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Old September 21, 2016   #26
greenthumbomaha
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I hate mites.
Me too. It was in the back of my mind if this would return. I wish I could grow a lemon or lime tree. Several local Chinese restaurant have beautiful healthy orange trees in the entry. No supplemental lighting and no leaf diseases..

- Lisa
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Old May 7, 2017   #27
StrongPlant
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OK,this season I can't take chances with this mite again.Last year the losses were probably 60-80%,it was horrible.I'm not against spraying with chemicals,as long as they're not really dangerous to human health.I've never sprayed anything in my life,but now I'm forced to do it as this gosh darnoodley mite is relentless.The infestation started 2 years ago,but I've only identified what it was last year(thanks to this forum,actually).I've been reading a lot about this mite,and some papers suggested abamectin is quite effective at killing it.From what I read it's not that dangerous to human health and it degrades quickly in the environment.Literature says it's not mutagenic,which is the most important trait for me.I've already bought it,in my country it's called "abastate".
Have any of you used this and what's your opinion on it as far as human health is concerned?
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Old May 8, 2017   #28
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I have since 2 years a problem with normal mites, and one thing that I know about mites is that they will survive anything and the next population will be resistant to whatever you gave them.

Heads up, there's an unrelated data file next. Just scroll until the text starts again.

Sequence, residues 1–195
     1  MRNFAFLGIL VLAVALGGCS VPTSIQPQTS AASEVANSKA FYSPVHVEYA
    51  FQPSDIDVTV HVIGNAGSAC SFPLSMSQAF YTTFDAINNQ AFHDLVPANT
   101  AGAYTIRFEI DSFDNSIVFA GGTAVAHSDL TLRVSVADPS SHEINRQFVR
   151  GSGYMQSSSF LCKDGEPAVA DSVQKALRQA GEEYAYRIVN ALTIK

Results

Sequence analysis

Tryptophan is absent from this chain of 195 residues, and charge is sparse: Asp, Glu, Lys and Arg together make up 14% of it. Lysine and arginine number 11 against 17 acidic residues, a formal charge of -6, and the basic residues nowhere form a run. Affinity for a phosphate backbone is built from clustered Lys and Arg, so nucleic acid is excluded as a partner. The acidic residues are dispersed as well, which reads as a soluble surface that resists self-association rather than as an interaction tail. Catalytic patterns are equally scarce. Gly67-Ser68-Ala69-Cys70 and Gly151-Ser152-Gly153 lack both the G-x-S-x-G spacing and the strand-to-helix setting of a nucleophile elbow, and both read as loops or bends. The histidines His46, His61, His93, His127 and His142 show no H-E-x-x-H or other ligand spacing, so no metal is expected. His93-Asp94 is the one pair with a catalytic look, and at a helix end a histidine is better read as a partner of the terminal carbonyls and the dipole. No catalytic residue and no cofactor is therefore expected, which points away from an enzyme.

So for mites alternating at least 2 things is essential.
Not sure why everybody keeps saying that if it's extracted from plants is fine. There are deadly toxins that can be extracted from plants.
You need to try something though, that is for sure. You can find DE by the way on ebay.de. I bought it and used a bit and it does have an effect, it's called Kieselgur, find one that is finest powder.
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Old May 8, 2017   #29
StrongPlant
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.Not sure why everybody keeps saying that if it's extracted from plants is fine. There are deadly toxins that can be extracted from plants.
Haha yeah,ricin and cocaine are also extracted from plants and I don't hear anyone saying it's good for you xD people also use the term "organic" the same way even though it means nothing.

DE is quite hard to get in my area,but even if I get it I think it will not kill the russet mite because it's so tiny(can't see it with the naked eye) though I really like that it's not a chemical method of control and insects can hardly ever gain resistance to it no matter how much you use.
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Old May 8, 2017   #30
decherdt
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Raybo beat them with a pyrethrin in canola oil product ( in temps below 90F)
http://www.tomatoville.com/showthread.php?t=15547

Agrimek is used on lots of commercial tomatoes. I've eaten plenty of them.
http://pmep.cce.cornell.edu/profiles...ectin-ext.html

Barring spills or negligence, the majority of the exposure risk is to the application personnel
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Last edited by decherdt; May 9, 2017 at 01:16 PM.